Second, once the “single powerful point of reference,” the organizing principle, is removed, the whole thing falls apart. But unlike other mobs, DAOs can have treasuries with tens of millions of dollars, so the mob won’t just fade into the mist. Instead they will be forced to decide what to do with the money, and we know that mobs “shatter” when pressed to put forward a specific agenda. A group of disparate individuals came together because they could find agreement over a very broad principle, and then they find they can’t agree on anything more specific.
I’m very keen to see how ConstitutionDAO resolves itself. Because it’s so focal, it will be seen as setting a precedent. I think there are a couple ways it could go.
Option One: The money is returned to participants. In my view this is the best option. For one thing, it’s what people who contributed expected would happen in the event of failure (as far as I understand it). For another, it’s a clean resolution and leans into the strength of mob DAOs, which is doing one big thing. If you want to do another thing, go start another DAO. I recognize this option is not without its problems given Ethereum’s high gas fees, but I still think it’s worth ending this way even if a lot of the money simply goes to miners.
Option Two: Find some other insane thing for the DAO to do. This is the second beset option because it will be difficult to find agreement on what that other big thing should be. If agreement can be found, the thing that’s settled on will probably be lame. That’s because you can’t capture lighting in a bottle twice. The memetic excitement was to do this one particular crazy thing, and you’re not going to be able to recapture that excitement from the same group with anything else. For example, some are trying to retcon the DAO’s mission as buying historical American artifacts–very lame.
If the DAO has to pick something else to do, I hope they do something really insane that’s a continuation of their project. Maybe they take the easy road and go for negation. For example, I saw someone suggest that the DAO buy the creamery that makes Ken Griffin’s favorite ice cream and I guess deprive him of it.
Option Three: Do something serious with the money. This would be the most dispiriting result. Same as Option Two, I think you’d be hard pressed to get enthusiastic agreement among participants, so anything that ends up being done would likely be forced and lame. For example, Decrypt reports that some participants have suggested the funds be used to “create a new Constitution for Web 3.“ Gag me with a flag pole.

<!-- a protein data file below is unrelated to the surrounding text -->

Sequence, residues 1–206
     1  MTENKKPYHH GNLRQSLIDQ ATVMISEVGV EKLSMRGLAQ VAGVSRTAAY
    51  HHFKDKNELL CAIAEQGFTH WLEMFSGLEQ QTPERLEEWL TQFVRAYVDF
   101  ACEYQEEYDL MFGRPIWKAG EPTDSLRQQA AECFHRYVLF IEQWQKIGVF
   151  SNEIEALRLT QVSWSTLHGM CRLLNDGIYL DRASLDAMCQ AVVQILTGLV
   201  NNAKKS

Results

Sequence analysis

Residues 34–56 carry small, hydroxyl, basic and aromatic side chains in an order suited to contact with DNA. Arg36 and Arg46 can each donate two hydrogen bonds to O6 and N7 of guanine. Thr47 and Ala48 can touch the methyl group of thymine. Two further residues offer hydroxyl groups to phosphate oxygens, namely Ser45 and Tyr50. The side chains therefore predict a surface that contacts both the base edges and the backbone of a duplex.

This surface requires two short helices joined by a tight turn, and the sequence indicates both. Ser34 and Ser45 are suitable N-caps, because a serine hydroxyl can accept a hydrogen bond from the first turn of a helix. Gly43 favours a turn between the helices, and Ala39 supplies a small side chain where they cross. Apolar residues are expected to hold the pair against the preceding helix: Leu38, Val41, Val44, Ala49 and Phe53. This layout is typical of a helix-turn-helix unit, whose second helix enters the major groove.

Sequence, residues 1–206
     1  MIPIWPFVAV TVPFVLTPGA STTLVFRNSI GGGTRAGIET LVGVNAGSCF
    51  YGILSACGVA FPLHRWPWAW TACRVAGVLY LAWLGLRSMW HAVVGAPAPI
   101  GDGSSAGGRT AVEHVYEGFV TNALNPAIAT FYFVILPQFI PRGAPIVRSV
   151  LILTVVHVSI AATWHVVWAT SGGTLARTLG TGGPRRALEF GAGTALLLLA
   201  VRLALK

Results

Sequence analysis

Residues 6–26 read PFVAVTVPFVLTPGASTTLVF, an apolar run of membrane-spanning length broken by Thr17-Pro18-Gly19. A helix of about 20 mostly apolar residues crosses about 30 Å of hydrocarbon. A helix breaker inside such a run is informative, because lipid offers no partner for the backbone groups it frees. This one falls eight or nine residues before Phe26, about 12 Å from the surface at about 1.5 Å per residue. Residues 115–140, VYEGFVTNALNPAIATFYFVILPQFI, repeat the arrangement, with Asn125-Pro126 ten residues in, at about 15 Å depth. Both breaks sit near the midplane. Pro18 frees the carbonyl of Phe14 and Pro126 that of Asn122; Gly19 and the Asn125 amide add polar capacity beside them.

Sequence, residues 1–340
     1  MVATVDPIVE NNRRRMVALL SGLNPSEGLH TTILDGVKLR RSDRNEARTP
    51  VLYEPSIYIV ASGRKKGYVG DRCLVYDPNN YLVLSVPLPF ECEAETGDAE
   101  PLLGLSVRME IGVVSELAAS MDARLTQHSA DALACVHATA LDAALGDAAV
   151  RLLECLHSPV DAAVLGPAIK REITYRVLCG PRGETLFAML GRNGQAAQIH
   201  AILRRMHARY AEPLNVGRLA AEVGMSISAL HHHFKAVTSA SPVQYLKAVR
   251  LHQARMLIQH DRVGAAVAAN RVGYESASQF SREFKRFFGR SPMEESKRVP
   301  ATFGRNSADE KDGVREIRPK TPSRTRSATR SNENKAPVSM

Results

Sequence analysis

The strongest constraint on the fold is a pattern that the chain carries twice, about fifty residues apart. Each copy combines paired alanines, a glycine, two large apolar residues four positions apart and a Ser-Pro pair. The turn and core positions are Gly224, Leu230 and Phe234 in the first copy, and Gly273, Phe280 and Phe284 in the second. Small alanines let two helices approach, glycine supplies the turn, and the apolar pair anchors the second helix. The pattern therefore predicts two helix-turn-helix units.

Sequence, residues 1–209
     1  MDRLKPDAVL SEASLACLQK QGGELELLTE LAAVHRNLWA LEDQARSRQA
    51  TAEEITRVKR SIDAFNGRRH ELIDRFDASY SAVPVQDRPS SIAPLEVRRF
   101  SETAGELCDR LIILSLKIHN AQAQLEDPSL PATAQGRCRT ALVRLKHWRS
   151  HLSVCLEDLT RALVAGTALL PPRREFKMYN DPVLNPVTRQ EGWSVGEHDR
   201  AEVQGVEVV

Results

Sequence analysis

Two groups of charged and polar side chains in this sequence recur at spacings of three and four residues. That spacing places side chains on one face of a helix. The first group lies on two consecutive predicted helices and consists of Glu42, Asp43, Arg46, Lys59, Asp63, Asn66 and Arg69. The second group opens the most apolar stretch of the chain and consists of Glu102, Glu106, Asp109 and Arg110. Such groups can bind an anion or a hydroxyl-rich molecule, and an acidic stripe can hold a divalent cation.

I’ve also seen some Twitter charlatans valiantly step forward for the oh-so-selfless task of relieving the DAO of its treasury. Some want to spend it on political campaigns, of all things. I could be a beneficiary of such an outcome, but I can’t think of a more joyless and divisive thing to do. It would also be a real shame to see something this historic be co-opted by a white knight with no sweat equity. Again, people with big ideas should go start their own DAOs.
So, I’ll be watching with interest what happens. There are also other similar DAOs in the works (like this one that wants to buy an NBA team) and I hope they’ll learn some lessons from ConstitutionDAO. I also wonder if we’ll see DAOs adopt programmatic assurance contracts to avoid the problems that come if the specified goal isn’t achieved. Seems like the tech is there.
Let me know what you think. I write this stuff to help me work through what I think but also to get feedback, so don’t hesitate to hit reply.
If you enjoyed this newsletter, consider forwarding it to a friend so they can subscribe. (I’m not making these available on the web; only email.) Also, FYI, a new episode of Worker and Parasite, my book discussion podcast with Stably, is out. We talk about Robert Wright’s The Evolution of God. You can listen and subscribe to it here.